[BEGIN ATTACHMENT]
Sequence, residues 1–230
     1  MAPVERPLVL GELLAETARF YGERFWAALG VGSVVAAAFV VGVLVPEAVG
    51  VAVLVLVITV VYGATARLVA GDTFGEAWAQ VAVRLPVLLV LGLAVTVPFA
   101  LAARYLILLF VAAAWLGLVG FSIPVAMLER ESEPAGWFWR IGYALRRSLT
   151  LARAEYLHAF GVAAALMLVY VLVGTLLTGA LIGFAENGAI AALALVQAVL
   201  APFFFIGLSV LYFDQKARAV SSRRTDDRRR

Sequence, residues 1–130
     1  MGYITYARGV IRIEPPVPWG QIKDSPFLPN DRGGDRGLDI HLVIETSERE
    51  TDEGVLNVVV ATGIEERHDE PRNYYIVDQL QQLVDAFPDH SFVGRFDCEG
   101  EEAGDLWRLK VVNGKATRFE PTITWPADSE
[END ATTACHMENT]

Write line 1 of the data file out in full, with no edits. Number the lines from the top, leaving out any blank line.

Sequence, residues 1–230